Advancing human health research

The University of Georgia broke ground Dec. 1 on the Center for Molecular Medicine, a 43,000-square-foot facility that will continue to advance UGA’s efforts in human health research.

When finished, the building on Riverbend Road will house up to 10 research groups whose primary goal will be to conduct translational research that positively impacts human health. The facility will include laboratories, faculty offices, shared cell culture facilities and other shared spaces that support research.

“The Center for Molecular Medicine is an expansion of the university’s capacity to translate research into products and other innovations that support economic development and enhance the quality of life in our state, our nation and the world,” said UGA President Jere W. Morehead. “Here, the very best researchers will investigate the molecular and cellular basis of human disease and develop new ways to diagnose, treat and prevent diseases that affect millions of people worldwide.”

State and local officials joined university administrators on the work site adjacent to the Complex Carbohydrate Research Center to celebrate the official start of construction. Funding for the facility came from two primary sources: Gov. Nathan Deal and the General Assembly approved $17 million in state funds for the new building, and these funds were matched by $8 million in non-state funds.

“I’m excited about what this project will do for the state of Georgia,” said University System of Georgia Chancellor Hank Huckaby, who led the construction of the Complex Carbohydrate Research Center while serving as UGA’s senior vice president for finance and administration, a role he held until 2006. “It will be an important factor in the land-grant university here doing what it should do and needs to do to serve the people of this state, to bring more economic development and also improve the health of our population.”

The center has operated in various locations on UGA’s campus since its founding in 2012. The new facility will give the researchers better opportunities to collaborate with each other and with faculty housed in the Complex Carbohydrate Research Center.

“With the interactions of the Complex Carbohydrate Research Center and the CMM, we’ll be able to really address fundamental problems in health science, and I’m really looking forward to seeing that happen,” said Alan Darvill, director of the Complex Carbohydrate Research Center.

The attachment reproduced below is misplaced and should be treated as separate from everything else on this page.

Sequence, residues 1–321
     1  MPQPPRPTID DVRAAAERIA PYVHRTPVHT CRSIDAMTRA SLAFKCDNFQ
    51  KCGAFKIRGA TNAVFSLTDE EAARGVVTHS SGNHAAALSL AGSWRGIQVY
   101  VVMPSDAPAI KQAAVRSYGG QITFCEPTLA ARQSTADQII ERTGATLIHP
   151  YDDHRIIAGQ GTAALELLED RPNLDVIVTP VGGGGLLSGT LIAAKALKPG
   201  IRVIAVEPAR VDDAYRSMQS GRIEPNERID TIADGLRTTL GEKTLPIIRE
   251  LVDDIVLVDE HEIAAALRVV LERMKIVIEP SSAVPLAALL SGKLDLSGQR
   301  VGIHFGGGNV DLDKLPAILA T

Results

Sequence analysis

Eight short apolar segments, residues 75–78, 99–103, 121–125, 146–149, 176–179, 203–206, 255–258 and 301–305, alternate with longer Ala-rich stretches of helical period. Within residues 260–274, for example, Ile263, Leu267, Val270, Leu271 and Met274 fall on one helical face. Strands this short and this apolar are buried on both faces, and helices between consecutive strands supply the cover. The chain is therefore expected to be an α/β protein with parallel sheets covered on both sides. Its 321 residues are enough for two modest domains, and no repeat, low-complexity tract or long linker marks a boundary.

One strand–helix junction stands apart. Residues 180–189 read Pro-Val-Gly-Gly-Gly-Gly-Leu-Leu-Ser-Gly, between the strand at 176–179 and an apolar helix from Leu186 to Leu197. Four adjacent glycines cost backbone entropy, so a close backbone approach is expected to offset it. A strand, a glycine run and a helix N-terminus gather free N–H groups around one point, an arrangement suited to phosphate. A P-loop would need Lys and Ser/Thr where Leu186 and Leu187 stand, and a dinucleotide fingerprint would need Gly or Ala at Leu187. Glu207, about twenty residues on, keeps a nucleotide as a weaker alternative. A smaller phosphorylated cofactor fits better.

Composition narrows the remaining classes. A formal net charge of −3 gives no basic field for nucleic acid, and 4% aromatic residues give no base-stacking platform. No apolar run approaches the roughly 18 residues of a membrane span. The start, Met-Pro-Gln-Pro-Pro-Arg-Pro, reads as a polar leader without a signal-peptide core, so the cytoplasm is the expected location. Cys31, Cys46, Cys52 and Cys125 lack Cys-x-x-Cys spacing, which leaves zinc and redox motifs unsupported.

“The Center for Molecular Medicine will enhance UGA’s mission and reputation in the biomedical research area,” said Stephen Dalton, director of the CMM. “I’m delighted to be associated with the center and to be collaborating with Dr. Darvill in this venture and with the Complex Carbohydrate Research Center. I look forward to the building’s construction and to the many great scientific discoveries that will come out of the center in the future.”

CMM research groups will focus on stem cells and regenerative medicine, vaccine development and therapeutics, and human disease models such as diabetes and other metabolic diseases, neurological and cardiovascular disorders, and obesity and biomedical glycobiology.

The center will train undergraduate and graduate students to become the next generation of leading biomedical scientists, such as M.D./Ph.D. student Miranda Hayworth of Oak Ridge, North Carolina, who conducted research under Dalton’s direction.

“Research, without a doubt, enhances the quality of modern medicine, and I hope that the many undergraduates here at UGA interested in the field of medicine will take advantage of the tremendous biomedical research opportunities that the new Center for Molecular Medicine will generate,” said Hayworth, who successfully defended her dissertation and is now completing her medical education at the Georgia Regents University/UGA Medical Partnership in Athens.